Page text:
Objectives Our goal is to review design strategies for the fabrication of calcium phosphate ceramic scaffolds (CPS), in light of their transient role in bone tissue engineering and associated requirements for effective bone regeneration. Methods We examine the various design options available to meet mechanical and biological requirements of CPS and later focus on the importance of proper characterization of CPS in terms of architecture, mechanical properties and time-sensitive properties such as biodegradability. Finally, relationships between in vitro versus in vivo testing are addressed, with an attempt to highlight reliable performance predictors. Results A combinatory design strategy should be used with CPS, taking into consideration 3D architecture, adequate surface chemistry and topography, all of which are needed to promote bone formation. CPS represent the media of choice for delivery of osteogenic factors and anti-infectives. Non-osteoblast mediated mineral deposition can confound in vitro osteogenesis testing of CPS and therefore the expression of a variety of proteins or genes including collagen type I, bone sialoprotein and osteocalcin should be confirmed in addition to increased mineral content. Conclusions CPS are a superior scaffold material for bone regeneration because they actively promote osteogenesis. Biodegradability of CPS via calcium and phosphate release represents a unique asset. Structural control of CPS at the macro, micro and nanoscale and their combination with cells and polymeric materials is likely to lead to significant developments in bone tissue engineering. © 2015 Academy of Dental Materials. Published by Elsevier Ltd. All rights reserved.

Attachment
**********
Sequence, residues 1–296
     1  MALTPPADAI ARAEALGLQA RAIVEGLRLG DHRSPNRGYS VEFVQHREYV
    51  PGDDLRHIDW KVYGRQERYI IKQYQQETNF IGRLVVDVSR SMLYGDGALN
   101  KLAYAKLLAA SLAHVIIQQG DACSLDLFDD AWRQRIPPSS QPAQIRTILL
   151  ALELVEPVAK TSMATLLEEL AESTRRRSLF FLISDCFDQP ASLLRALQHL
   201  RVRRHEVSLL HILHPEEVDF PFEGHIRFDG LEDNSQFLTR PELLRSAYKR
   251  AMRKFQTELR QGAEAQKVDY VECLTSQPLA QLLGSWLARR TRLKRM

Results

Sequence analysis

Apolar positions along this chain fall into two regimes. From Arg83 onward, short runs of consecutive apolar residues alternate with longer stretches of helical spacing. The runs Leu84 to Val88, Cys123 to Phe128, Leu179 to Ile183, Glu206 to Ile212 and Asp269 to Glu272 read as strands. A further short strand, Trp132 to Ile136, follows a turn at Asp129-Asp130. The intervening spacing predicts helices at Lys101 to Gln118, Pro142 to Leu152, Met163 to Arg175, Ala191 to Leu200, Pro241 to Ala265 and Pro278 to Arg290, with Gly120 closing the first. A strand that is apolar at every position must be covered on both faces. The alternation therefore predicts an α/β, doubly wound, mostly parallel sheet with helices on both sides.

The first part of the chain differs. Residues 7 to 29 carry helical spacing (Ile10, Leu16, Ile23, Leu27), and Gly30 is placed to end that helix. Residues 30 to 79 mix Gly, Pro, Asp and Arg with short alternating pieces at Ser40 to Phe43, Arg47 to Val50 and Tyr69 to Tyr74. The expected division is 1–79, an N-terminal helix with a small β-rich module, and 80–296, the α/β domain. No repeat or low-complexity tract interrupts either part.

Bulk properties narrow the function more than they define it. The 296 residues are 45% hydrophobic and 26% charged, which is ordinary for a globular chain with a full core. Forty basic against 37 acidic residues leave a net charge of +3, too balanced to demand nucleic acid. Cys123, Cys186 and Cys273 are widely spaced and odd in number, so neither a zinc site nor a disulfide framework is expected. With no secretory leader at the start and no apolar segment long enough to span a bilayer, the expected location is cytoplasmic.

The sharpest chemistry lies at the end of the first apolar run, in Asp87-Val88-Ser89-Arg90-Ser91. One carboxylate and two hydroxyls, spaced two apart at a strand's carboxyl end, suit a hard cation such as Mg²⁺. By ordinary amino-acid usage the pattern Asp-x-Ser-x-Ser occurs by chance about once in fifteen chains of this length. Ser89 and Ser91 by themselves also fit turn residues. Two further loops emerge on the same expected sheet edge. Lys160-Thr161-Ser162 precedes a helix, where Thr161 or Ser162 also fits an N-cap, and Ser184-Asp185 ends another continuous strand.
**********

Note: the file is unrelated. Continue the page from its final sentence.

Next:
Stern A.S.,Rowland Institute at Harvard |
Hoch J.C.,UCONN Health
Magnetic Resonance in Chemistry | Year: 2015
Compressed sensing (CS) has attracted a great deal of recent interest as an approach for spectrum analysis of nonuniformly sampled NMR data. Although theoretical justification for the method is abundant, it suffers from several weaknesses, among them poor convergence of some algorithms, and it remains an open question whether NMR spectra satisfy the sparsity requirements of CS theorems. The versions of CS used in NMR involve minimizing the l1 norm of the spectrum. They bear similarity to maximum entropy (MaxEnt) reconstruction, but critical comparison of the methods can be difficult. Here we describe a formalism that places CS and MaxEnt reconstruction on equal footing, enabling critical comparison of the two methods. We also describe a new algorithm for CS that restricts the computation of the l1 norm to the real channel for complex spectra and ensures causality. Preliminary 1D results demonstrate that this approach ameliorates some artifacts that can occur when using the l1 norm of the complex spectrum. © 2015 John Wiley & Sons, Ltd.
DeBerardino T.M.,UCONN Health
Sports Medicine and Arthroscopy Review | Year: 2015
Regenerative medicine technology is currently being used to create hyaline-like cartilage tissue from autologous cartilage cells. NeoCart is one such investigational scaffold-based cartilage implant used to treat knee cartilage injuries. There are limited data available regarding this specific treatment option, as NeoCart is currently undergoing a phase III clinical trial at several cartilage restoration centers across the United States. © 2015 Wolters Kluwer Health, Inc.